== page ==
PLOEMEUR, FRANCE: For centuries, the only use humans found for the lugworm — dark pink, slimy and inedible — was on the end of a fish hook.
But the invertebrates´ unappreciated status is about to change.
Their blood, say French researchers, has an extraordinary ability to load up with life-giving oxygen.
Harnessing it for human needs could transform medicine, providing a blood substitute that could save lives, speed recovery after surgery and help transplant patients, they say.
“The haemoglobin of the lugworm can transport 40 times more oxygen from the lungs to tissues than human haemoglobin,” says Gregory Raymond, a biologist at Aquastream, a fish-farming facility on the Brittany coastline.
“It also has the advantage of being compatible with all blood types.”
Raymond and his team, which specialises in fish egg production, joined forces with biotech firm Hemarina in 2015 in the hope of securing a reliable means of lugworm production.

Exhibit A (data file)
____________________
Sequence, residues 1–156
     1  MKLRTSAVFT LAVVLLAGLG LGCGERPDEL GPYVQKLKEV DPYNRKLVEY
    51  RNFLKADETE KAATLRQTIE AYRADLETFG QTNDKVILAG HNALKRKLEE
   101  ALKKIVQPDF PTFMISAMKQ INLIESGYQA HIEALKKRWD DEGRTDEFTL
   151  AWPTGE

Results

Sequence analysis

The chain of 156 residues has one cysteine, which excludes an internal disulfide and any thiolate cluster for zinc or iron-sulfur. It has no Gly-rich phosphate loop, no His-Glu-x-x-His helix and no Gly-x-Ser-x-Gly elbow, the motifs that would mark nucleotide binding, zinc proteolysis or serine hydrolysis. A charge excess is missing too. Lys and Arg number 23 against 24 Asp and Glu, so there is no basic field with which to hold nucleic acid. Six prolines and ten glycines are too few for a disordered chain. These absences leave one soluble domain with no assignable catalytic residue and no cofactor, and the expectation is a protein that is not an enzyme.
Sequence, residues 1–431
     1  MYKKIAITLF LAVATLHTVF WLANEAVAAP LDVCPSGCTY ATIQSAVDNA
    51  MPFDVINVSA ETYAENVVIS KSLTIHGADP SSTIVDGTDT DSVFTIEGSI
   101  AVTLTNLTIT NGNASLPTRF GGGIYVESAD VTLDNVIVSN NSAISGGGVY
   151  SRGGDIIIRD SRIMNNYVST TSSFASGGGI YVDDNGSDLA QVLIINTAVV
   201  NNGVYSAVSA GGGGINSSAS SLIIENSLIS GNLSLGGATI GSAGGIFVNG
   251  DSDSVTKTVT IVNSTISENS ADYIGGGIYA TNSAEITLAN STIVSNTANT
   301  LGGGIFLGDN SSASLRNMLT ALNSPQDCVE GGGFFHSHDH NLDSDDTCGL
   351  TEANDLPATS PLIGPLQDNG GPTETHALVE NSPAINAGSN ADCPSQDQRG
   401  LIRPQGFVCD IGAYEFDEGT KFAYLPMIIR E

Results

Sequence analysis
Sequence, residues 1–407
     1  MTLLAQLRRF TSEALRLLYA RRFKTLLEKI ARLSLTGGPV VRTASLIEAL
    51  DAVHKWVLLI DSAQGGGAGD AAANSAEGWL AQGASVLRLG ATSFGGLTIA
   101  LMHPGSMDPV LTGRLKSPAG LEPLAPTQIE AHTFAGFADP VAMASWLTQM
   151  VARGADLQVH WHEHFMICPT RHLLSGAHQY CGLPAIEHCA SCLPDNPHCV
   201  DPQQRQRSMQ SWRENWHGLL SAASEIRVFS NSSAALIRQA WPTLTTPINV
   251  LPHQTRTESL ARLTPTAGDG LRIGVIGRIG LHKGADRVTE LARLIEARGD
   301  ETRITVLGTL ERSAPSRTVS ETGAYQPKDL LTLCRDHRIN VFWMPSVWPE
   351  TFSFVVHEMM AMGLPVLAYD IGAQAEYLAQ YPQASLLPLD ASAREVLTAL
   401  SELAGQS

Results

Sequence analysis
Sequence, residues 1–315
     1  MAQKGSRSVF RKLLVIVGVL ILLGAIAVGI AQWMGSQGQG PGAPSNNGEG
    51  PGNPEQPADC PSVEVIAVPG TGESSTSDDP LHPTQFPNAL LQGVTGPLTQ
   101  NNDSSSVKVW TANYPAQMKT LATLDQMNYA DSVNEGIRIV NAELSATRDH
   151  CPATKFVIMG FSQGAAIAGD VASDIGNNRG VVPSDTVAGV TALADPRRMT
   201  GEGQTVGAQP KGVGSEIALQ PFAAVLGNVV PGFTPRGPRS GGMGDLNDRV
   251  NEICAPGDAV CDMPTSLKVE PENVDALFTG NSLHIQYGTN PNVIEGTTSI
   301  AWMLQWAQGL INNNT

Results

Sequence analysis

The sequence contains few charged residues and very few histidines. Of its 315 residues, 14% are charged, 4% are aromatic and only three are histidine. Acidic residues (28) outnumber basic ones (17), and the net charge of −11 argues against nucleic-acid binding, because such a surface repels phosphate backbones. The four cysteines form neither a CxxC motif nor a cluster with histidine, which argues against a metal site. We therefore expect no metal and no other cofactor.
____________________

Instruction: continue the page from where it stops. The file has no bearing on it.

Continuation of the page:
The facility now churns out more than 1.3 million of the creatures each year, each providing tiny amounts of the precious haemoglobin.
“We started basically from zero. Since the worm had never been studied, all parameters needed inventing from scratch, from feeding to water temperature,” says project researcher Gwen Herault.
Medical interest in the lugworm — Arenicola marina — dates back to 2003, when the outbreak of mad-cow disease in Europe and the worldwide HIV epidemic began to affect blood supplies.
The problem was that animal haemoglobins, as a substitute for the human equivalent, can cause allergic reaction, potentially damaging the kidneys.
In lugworms, though, haemoglobin dissolves in the blood and is not contained within red blood cells as in humans — in other words, blood type is not an issue — and its structure is almost the same as human haemoglobin.
In 2006, the worm´s potential was validated in a major study.
Scientists at Roscoff, close to Plomeur, extracted and purified haemoglobin from local-caught lugworms and…